Queen's University

Student plan targets vending machine consumption, emissions

 
2009-11-24

In the spirit of miserly Ebenezer Scrooge, the fictional curmudgeon from Dickens’ A Christmas Carol, second-year Commerce student Trevor Shah would like to dim the lights at Queen’s. Specifically, his target is the bright lights in the university’s beverage vending machines.

Unlike Scrooge, however, Mr. Shah’s motives are for the public good. He’s hoping to reduce energy usage of each machine from 20 to 60 per cent, depending on their location, and reduce the campus carbon footprint through reduced carbon dioxide emissions.

The proposal – which is now being implemented on a trial basis in several locations on campus – involves installing a simple “plug-and- play” device called a ‘vending miser’ that shuts off a machine’s lights when no motion has been detected nearby for more than 15 minutes. The device uses an overhead infrared sensor to power down the vending machine when the surrounding area is vacant, while maintaining the temperature of the vended product.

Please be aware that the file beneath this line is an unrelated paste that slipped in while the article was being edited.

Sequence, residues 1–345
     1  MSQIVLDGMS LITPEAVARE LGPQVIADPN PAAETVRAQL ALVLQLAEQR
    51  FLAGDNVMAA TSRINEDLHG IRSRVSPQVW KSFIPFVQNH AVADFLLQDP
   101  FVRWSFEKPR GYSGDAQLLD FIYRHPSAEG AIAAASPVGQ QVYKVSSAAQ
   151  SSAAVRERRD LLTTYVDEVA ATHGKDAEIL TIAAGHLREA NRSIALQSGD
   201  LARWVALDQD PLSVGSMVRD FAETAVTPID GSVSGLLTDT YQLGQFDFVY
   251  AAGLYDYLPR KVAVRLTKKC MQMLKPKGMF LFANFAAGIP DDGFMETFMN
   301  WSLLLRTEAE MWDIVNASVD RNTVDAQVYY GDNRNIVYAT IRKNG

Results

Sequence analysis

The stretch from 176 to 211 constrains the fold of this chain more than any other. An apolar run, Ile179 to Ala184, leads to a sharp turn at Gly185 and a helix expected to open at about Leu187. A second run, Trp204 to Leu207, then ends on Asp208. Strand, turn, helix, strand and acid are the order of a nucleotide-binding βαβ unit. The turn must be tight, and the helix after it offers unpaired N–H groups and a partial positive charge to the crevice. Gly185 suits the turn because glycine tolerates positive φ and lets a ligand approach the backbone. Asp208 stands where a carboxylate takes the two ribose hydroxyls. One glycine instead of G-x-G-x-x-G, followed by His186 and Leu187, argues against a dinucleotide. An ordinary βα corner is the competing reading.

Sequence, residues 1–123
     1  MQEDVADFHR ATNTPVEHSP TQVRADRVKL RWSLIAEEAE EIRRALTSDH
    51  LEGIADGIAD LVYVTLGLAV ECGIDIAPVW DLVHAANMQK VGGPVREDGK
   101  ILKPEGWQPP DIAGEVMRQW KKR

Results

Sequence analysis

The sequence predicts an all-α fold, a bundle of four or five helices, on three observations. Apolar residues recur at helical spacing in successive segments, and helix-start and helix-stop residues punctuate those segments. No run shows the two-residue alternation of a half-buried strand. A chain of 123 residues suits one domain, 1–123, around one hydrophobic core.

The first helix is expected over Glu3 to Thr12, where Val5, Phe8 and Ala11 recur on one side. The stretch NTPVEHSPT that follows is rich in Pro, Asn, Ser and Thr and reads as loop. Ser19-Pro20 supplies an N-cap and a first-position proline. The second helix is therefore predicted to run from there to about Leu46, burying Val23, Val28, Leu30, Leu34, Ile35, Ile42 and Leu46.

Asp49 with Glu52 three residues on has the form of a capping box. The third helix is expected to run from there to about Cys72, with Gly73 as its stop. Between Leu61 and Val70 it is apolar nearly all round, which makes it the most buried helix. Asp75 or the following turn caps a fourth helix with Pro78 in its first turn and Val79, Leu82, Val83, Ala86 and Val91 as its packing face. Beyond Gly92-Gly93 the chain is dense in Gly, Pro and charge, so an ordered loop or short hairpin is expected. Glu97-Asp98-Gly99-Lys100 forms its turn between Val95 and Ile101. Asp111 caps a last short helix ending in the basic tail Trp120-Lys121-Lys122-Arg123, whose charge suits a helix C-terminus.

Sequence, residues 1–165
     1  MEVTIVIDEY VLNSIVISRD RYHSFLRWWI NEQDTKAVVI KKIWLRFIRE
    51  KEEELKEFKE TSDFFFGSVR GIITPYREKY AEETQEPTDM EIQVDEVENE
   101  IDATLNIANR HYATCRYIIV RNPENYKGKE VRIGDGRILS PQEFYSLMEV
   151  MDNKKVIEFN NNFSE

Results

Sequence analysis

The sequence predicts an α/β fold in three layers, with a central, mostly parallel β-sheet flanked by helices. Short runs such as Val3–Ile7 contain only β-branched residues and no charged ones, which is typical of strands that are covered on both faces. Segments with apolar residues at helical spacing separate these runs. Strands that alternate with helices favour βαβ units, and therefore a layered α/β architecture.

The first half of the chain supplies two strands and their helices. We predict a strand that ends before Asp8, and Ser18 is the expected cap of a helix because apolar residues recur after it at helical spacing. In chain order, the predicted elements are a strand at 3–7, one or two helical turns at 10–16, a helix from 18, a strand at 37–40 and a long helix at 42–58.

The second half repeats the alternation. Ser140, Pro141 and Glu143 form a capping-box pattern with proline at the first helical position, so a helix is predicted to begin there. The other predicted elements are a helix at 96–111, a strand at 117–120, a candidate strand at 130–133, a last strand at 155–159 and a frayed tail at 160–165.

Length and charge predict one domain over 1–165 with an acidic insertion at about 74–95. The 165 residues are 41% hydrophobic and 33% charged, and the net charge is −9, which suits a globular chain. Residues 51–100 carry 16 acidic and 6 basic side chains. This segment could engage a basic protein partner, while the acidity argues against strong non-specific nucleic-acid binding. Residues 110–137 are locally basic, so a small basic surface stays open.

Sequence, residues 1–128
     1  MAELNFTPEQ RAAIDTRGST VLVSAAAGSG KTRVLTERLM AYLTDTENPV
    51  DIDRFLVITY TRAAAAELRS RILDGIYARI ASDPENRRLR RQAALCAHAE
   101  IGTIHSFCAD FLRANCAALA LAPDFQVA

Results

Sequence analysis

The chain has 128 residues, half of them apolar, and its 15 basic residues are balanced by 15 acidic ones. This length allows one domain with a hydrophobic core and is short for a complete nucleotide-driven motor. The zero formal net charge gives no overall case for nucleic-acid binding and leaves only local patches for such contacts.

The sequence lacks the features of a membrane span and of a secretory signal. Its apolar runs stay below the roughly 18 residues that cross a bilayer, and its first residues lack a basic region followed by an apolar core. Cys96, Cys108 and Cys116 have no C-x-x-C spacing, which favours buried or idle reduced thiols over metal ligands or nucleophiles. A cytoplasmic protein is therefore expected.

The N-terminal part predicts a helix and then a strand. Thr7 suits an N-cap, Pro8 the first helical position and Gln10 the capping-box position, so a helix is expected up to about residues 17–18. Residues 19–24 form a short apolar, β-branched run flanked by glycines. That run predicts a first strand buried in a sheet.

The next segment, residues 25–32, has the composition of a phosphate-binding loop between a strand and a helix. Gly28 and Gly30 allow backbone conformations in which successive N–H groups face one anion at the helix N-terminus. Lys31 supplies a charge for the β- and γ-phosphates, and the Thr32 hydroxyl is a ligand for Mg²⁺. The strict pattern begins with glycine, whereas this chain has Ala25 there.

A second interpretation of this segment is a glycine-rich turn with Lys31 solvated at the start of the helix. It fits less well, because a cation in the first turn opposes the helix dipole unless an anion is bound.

“It’s so cool to know that this little instrument will reduce electricity consumption by an average of 46 per cent and help shrink our carbon footprint,” says Mr. Shah. The two misers currently in use at Queen’s are located in Mackintosh- Corry Hall – an area of dense traffic that would allow an annual 20 per cent savings – and Dupuis Hall, where traffic is less congested, resulting in longer “power down” periods and a 60 per cent annual reduction in electrical consumption.

“Our goal is to identify the machines on campus that would produce the highest savings and install the misers there,” says Mr. Shah. “Queen’s Sustainability Office is proposing that we install 75 more vending misers across campus. We hope this initiative will be another way that Queen’s becomes more sustainable and friendly to our environment.”

Approved by both Coke and Pepsi, the vending miser is currently in use at a number of Canadian and U.S. institutions, including Tufts University in Massachusetts where vending machines have reduced half their electricity consumption and carbon dioxide emissions over the past year. At a cost of $230 each, it’s expected that the vending misers will pay for themselves in a little over a year.

Commerce student Trevor Shah “triggers” a motion sensor above a vending machine equipped with a vending miser device in Mackintosh- Corry Hall.
 

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